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PM’s visit, a noble gesture but what results?

By Aaron Smith

THE first Prime Minister to visit the birthplace of Native Title stood on the beach on Mer last week, near where Justice Moynihan, who held hearings for Mabo Case on the island, planted a coconut tree with Traditional Owners in 1986.

Despite the fact Mr Abbott was very critical of the High Court decision on Mabo at the time, it still seemed like the perfect place for him to announce plans or policy to help close the widening gap or strengthen the road to reconciliation and recognition,

especially after he had just laid a wreath on Eddie Koiki Mabo's grave.

But none were made. In fact no announcements of policy were made during his entire week spent in the Torres Strait and NPA.

However while on that beach, Mr Abbott did compare himself to Former US President Richard Nixon and how he pulled down barriers between the US and China in 1972, as an analogy for breaking down the racial barriers with first Australians.

"Just as Nixon went to China... it may well take a conservative leader to bring about the ultimate form of symbolic reconciliation," Mr Abbott said.

An unusual choice of analogy for an embattled Prime Minister with plummeting polls and a decisive by-election looming. Especially after the recent 'Choppergate' scandal that saw Speaker Bronwyn Bishop's resignation, considering that was a wordplay on Watergate, the scandal that brought down President Nixon.

There is no doubt however that the Prime Minister's historic visit to Mer was a noble gesture, and was appreciated by the island community that were buzzing with excitement for weeks prior.

Gail Mabo said: "This was very significant. He is the first Prime Minister to actually come out here and pay his respects to my father, which is remarkable that he's taken time out as no one comes out here. For him to come and see the community we can highlight

the importance of community consultation to bring about constitutional change."

Mr Abbott described the process of constitutional recognition as a "long term national project. John Howard kicked it off in 1999 when he wanted to put a preamble in our constitution."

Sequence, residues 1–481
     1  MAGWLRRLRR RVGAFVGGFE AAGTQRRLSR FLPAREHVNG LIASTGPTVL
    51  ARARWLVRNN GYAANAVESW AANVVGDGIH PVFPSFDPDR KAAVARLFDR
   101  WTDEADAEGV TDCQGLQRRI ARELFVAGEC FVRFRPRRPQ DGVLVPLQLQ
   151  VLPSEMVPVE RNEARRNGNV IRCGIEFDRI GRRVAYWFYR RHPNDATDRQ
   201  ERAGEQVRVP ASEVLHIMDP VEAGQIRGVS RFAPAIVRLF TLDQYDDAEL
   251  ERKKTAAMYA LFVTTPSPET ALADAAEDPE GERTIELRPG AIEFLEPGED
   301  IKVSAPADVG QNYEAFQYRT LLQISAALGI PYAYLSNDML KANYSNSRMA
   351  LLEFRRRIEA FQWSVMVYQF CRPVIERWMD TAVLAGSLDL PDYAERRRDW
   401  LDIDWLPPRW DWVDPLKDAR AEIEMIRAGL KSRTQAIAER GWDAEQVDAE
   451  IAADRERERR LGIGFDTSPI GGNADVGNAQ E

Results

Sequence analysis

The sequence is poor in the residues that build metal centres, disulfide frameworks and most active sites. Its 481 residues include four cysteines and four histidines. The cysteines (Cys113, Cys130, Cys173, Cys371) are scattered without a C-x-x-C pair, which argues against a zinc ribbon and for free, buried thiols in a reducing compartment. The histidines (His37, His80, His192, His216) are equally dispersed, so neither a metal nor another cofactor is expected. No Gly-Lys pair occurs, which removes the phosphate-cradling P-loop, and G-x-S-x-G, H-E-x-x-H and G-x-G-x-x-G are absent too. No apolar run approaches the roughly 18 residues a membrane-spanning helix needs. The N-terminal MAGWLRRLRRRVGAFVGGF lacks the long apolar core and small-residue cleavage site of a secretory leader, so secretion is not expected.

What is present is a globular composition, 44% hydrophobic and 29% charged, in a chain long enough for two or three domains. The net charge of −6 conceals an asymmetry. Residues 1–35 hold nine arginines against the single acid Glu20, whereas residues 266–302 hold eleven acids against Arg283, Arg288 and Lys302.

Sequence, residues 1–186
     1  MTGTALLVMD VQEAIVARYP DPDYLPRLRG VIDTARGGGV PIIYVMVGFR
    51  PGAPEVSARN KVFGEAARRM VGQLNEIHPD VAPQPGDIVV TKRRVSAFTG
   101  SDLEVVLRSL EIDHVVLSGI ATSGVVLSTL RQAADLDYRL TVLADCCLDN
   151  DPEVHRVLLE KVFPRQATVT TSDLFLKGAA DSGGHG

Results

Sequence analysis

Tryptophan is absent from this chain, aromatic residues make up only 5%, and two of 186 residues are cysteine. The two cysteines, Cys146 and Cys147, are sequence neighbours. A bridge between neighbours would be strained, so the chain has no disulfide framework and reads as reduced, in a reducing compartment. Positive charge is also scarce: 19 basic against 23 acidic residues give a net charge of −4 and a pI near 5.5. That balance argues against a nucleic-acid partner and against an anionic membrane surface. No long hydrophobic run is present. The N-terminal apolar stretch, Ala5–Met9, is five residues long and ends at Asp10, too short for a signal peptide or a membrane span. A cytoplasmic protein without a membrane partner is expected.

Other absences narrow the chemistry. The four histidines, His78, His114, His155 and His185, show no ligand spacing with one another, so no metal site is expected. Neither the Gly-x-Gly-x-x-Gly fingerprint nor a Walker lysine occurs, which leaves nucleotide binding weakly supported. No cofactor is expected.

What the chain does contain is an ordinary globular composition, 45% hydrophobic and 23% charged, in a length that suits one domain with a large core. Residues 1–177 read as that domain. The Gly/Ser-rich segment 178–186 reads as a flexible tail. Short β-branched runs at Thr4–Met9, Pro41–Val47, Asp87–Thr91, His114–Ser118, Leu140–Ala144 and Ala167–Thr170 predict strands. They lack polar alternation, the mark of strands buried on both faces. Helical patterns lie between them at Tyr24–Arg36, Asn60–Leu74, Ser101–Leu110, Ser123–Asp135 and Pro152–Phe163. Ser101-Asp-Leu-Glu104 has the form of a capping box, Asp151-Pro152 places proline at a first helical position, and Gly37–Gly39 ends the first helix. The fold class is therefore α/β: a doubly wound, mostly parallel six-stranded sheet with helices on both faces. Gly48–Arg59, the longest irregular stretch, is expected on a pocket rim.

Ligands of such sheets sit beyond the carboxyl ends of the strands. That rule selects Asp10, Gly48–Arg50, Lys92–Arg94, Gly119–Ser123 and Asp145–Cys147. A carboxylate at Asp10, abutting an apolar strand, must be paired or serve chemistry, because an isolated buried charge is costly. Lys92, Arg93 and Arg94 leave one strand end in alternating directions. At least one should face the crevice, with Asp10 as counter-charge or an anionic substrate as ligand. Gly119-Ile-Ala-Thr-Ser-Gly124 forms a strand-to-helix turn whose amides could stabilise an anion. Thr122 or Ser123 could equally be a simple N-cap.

He described the current push as bipartisan policy we "have to get right" with a referendum council, which he hopes will be announced in a couple of weeks.

He said he hopes the the practical outcome is that Indigenous people will be "living prouder," correcting a "regrettable over sight," when the constitution was first formed.

Hopefully the push the from Western Australian LNP to drop the referendum at the next election for it being in the too hard basket, as well as growing dissent from his back bench on the subject, or the possibility of a marriage equality plebiscite, doesn't

muddy the waters on the the importance of this big issue getting across the line, and saving the nation from continued international embarrassment.
Community joins together for visit At a community level, everyone mucked in on Mer to help prepare for the PM’s visit, from kids to Elders, even Torres News who arrived the day before was cutting palms in the jungle with Tagai Primary School Principal John Case and TSRA Chair for Mer Aven Noah. 

The work continued until past 11:30 the night before and started again 5am the morning of the PM’s arrival.
One Mer resident, Kay Marou, who was up early with a leaf blower said: “It’s a lot of work for a three hour visit, but its all good, this is a once in a lifetime opportunity.”
Another resident, Terrence Lloyd Maza said there were “...a fair few things the Prime Minister should know, but I don’t think there will enough time, it’s very expensive in this part of the country to live, I hope he understands that.”
Former PBC Chair Doug Passi said: “The Prime Minister has to know that when he passed through the shark teeth at the airport entrance that he was leaving Commonwealth and State Law and entering our Lore, we, like the Commonwealth, have our own
systems of justice.”
When the Prime Minister visited the school he acknowledged the fact that the attendance rate of 90 per cent was above the national average, but went on to say: “...not many of those kids would expect to go on to become doctors or lawyers.”
While the Prime Minister declined to answer questions concerning the high price of living in remote communities he did comment to Mer resident Melora Noah in the Ibis supermarket that it was one of the things they had to accept living there.
One has to wonder the cost of this noble gesture, the millions of dollars spent on essentially a media campaign of where there was little time to govern or really drill down into the underlying issues of the region.
The cynic may say it smells like an election, the optimist a sign of true recognition for First Australians. 
The 100’s of extra personnel, months of planning, dedication of military assets all must have cost a fortune.
The three Blackhawk helicopters parked at Horn Island Airport, with a running cost of around $12,000 an hour each, where the Townsville base is over six hours away alone creates a dizzying set of numbers.
Maybe if Mr Abbott is the Prime Minister next year he could choose an Indigenous community, ask for leaders and community groups
to provide a detailed report of the their aspirations and needs and then pledge not to visit, but instead spend the money where
it is actually needed.

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